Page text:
In a recent debate
over the question of life after death that was part of the Intelligence^2
series, a neurosurgeon and a medical doctor argued in support of the proposition "death is not final", while a neurologist and physicist argued against the proposition.
As physicist Sean Carroll points out in arguing that death is final, life is a process and not a thing, in the same way that fire is a process. When you blow out a candle, the flame doesn't go anywhere, the burning process simply stops. Your conscience is a process going on in your brain. When it stops, it too doesn't go anywhere, it just stops.
The two people arguing for the proposition, neurosurgeon Eben Alexander and doctor/philosopher Raymond Moody chiefly support their view by citing cases of near death experiences, including Alexander's own experience with effective (though temporary) brain death. They claim that the stories of mystical events that people who have had near death experiences (bright and beautiful lights, incarnations of dead relatives, out of body travel, etc.) are evidence that part of you can exist separate from your physical body, and presumably continue on after you die.
The other person on Carroll's side, neurologist Steven Novella, notes that there are no near death experiences yet recorded that cannot be explained without going beyond neuroscience. Given a choice between established science and mystical explanations, both he and Carroll feel there is no reason to choose mysticism.
I've lost a number of my dearest friends and relatives in the past few years, and there is nothing I want more that to believe that they somehow continue to exist in some form. Sadly, wanting it to be so doesn't make it so, as Carroll and Novella proficiently argue. All the pretty near death experience stories that Alexander and Moody collect can't change that.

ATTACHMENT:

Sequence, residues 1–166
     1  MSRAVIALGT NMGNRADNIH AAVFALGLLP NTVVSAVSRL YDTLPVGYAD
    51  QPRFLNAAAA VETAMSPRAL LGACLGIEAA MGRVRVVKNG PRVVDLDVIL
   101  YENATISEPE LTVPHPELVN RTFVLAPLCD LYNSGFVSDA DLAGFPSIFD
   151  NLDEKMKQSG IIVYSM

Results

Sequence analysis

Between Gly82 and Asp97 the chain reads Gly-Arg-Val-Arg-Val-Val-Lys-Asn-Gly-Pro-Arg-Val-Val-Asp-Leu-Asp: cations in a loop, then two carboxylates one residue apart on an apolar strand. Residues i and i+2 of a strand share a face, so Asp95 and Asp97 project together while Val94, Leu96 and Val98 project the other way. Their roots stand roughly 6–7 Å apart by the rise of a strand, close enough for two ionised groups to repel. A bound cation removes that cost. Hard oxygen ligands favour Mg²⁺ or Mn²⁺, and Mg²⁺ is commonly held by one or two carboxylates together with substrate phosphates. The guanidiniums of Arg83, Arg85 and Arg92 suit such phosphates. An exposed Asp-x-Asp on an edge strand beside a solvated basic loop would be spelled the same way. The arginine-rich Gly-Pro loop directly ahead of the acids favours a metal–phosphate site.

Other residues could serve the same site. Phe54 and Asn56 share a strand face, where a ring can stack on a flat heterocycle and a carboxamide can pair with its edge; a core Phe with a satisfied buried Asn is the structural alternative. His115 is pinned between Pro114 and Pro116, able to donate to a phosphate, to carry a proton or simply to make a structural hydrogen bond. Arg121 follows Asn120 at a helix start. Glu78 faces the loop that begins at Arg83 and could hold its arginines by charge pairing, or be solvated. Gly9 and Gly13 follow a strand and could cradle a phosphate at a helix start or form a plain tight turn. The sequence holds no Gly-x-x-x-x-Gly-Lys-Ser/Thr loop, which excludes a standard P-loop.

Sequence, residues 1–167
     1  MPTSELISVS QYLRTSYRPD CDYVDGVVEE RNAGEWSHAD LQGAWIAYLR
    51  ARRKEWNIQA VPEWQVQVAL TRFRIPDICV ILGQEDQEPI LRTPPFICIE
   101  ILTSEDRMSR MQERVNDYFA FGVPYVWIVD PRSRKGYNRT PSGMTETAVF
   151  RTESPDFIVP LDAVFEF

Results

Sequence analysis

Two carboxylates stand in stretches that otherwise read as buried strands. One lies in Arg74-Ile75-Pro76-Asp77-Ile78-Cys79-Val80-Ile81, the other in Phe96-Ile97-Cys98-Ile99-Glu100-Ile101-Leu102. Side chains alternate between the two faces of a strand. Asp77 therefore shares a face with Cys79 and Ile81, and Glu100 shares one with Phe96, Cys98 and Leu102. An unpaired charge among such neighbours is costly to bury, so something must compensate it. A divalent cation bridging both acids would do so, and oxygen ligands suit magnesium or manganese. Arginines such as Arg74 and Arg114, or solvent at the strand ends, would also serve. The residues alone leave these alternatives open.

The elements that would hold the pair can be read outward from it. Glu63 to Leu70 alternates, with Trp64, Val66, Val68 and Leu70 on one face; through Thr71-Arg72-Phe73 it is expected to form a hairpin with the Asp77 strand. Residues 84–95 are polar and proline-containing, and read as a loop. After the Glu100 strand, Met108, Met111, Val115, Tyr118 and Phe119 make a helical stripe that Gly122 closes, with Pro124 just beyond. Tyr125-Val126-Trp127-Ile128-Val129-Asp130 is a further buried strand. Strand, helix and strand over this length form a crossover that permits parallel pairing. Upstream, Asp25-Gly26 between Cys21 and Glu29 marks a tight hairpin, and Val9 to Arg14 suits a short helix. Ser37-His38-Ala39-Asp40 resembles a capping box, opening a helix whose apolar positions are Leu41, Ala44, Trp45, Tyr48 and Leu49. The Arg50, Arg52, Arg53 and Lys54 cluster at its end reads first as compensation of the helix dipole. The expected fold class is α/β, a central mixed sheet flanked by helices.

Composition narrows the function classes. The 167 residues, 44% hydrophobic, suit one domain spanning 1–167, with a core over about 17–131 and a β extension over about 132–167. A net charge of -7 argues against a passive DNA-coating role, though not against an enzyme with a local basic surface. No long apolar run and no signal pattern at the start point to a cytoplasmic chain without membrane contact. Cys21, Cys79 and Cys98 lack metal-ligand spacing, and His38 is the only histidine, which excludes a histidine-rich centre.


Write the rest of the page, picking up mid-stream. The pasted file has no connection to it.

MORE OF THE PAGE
Novella says in various ways that the mind is what the brain does. I take some comfort in that. While, Dad, Grandmother, Aunt Liz, Bobby and so many other people I and others have lost do not continue on in some way beyond this material world, they live on in the mind my brain makes. And really, that's what's important.
***By the way, Alexander claims, at the 1:26:30 mark in the video that Carl Sagan believed that some children could remember past lives. Alexander says this is documented on page 302 of Sagan's book Demon Haunted World. It's easy enough to check by going to the Google Books copy available here and scrolling to page 302. Sagan believed no such thing.